Real choice in food grocery shopping in Britain

Ian Clarke, Alan Hallsworth, Peter Jackson, Ronan J. De Kervenoael, Rossana Perez Del Aguila

Research output: Contribution to journalArticlepeer-review


In the European Retail Digest, Tenbusch (2002) advised us that, "over the last decade, only discounters have been able to achieve significant revenue growth". The most casual observer of the retail scene in Europe would quickly realise that the author was most certainly not writing about Britain. Indeed he compared the situation in Germany with Britain by noting that grocery prices in the former were on average 20% lower. Interestingly, it was, at least in part, just those types of price comparison data that sparked the current British debate on the state of our market for food shopping. Soon, however, there were other factors brought into consideration. Market power of supermarket/ superstore operators, prices offered to small local farmers, the apparent permanent global summertime for food, food miles and eco-efficiency all became part of the debate. What might be the competing influence of any or all of these factors in the name of better 'choice' for consumers? Are British consumers really being offered better choice compared to what was available in the early 1980s, and might that explain the price differential with Germany and other countries? Or are we simply not comparing like with like? Indeed, as we will shortly argue, can we generalise about Britain at all when we accept, for example, that the Scottish market IS different?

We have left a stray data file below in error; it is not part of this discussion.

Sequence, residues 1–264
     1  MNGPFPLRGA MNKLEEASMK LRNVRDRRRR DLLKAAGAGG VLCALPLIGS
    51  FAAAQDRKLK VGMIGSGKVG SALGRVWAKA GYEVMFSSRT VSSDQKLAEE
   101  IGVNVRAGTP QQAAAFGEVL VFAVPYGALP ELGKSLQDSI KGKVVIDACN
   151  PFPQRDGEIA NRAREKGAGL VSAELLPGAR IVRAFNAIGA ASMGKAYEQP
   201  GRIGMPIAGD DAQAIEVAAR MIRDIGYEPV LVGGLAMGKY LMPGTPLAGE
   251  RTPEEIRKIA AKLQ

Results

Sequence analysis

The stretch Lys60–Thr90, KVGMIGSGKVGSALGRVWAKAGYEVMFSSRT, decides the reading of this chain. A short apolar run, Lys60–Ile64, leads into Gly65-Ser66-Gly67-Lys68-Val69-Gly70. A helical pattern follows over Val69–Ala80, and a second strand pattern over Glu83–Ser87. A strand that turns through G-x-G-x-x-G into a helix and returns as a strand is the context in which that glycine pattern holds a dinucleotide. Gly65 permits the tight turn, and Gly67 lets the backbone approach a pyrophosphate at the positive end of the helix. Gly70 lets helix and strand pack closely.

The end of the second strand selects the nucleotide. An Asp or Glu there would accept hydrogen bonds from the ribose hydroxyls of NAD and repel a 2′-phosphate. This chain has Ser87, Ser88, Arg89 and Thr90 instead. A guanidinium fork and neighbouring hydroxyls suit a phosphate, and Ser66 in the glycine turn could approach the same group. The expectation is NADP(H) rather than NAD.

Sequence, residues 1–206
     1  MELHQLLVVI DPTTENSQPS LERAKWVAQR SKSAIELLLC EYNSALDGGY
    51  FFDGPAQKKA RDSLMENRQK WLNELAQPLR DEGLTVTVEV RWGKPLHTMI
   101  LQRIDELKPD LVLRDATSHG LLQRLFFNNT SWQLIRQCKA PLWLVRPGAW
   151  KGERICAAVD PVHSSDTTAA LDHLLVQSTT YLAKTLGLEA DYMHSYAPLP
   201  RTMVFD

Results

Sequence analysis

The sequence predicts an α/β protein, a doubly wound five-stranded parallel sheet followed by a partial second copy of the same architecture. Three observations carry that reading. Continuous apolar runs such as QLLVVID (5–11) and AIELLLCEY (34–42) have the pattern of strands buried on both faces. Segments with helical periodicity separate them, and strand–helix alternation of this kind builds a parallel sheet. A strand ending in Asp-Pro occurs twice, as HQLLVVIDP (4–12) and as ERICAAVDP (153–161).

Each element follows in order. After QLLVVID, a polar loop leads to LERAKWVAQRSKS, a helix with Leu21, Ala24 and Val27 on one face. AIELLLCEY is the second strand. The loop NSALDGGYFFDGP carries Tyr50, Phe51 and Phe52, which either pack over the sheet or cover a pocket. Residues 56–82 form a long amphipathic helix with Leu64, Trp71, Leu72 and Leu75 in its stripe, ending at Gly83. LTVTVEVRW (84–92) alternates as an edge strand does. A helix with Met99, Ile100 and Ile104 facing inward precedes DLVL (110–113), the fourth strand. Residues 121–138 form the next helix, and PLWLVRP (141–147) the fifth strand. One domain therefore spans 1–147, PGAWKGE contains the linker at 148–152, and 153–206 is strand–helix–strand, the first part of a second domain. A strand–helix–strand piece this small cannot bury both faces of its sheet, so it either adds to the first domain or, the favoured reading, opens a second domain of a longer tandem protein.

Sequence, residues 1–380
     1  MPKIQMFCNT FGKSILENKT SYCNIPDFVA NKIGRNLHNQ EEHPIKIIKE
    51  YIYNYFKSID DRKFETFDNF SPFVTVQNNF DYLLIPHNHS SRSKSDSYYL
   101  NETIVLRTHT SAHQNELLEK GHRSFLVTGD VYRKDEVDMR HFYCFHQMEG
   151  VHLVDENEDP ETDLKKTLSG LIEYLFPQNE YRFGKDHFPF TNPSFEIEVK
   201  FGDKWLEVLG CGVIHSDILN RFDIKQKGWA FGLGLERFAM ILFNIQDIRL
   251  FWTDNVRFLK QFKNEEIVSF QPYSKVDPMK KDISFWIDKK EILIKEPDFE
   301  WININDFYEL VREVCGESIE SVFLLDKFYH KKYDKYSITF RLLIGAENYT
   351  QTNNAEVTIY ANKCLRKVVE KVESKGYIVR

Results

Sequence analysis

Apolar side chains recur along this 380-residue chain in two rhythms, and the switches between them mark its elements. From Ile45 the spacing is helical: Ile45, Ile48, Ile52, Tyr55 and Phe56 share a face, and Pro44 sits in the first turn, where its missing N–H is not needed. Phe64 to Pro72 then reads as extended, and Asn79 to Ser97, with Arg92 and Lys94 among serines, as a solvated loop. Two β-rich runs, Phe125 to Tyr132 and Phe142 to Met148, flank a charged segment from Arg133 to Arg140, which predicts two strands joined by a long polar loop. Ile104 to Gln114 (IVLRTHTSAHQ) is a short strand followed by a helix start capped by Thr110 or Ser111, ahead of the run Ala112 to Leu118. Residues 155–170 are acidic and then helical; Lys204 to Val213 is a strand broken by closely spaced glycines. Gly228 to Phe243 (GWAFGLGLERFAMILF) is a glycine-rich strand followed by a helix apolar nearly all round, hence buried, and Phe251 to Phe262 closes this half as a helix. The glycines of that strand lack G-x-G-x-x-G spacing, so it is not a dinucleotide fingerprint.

Original languageEnglish
Pages (from-to)7-13
Number of pages7
JournalEuropean Retail Digest
VolumeAutumn 2003
Issue number39
Publication statusPublished - 22 Sept 2003


  • retail
  • Europe
  • Britain
  • Germany
  • grocery prices
  • price comparison
  • market
  • food shopping
  • market power
  • supermarket
  • superstore
  • prices
  • small local farmers
  • permanent global summertime
  • food
  • food miles
  • eco-efficiency


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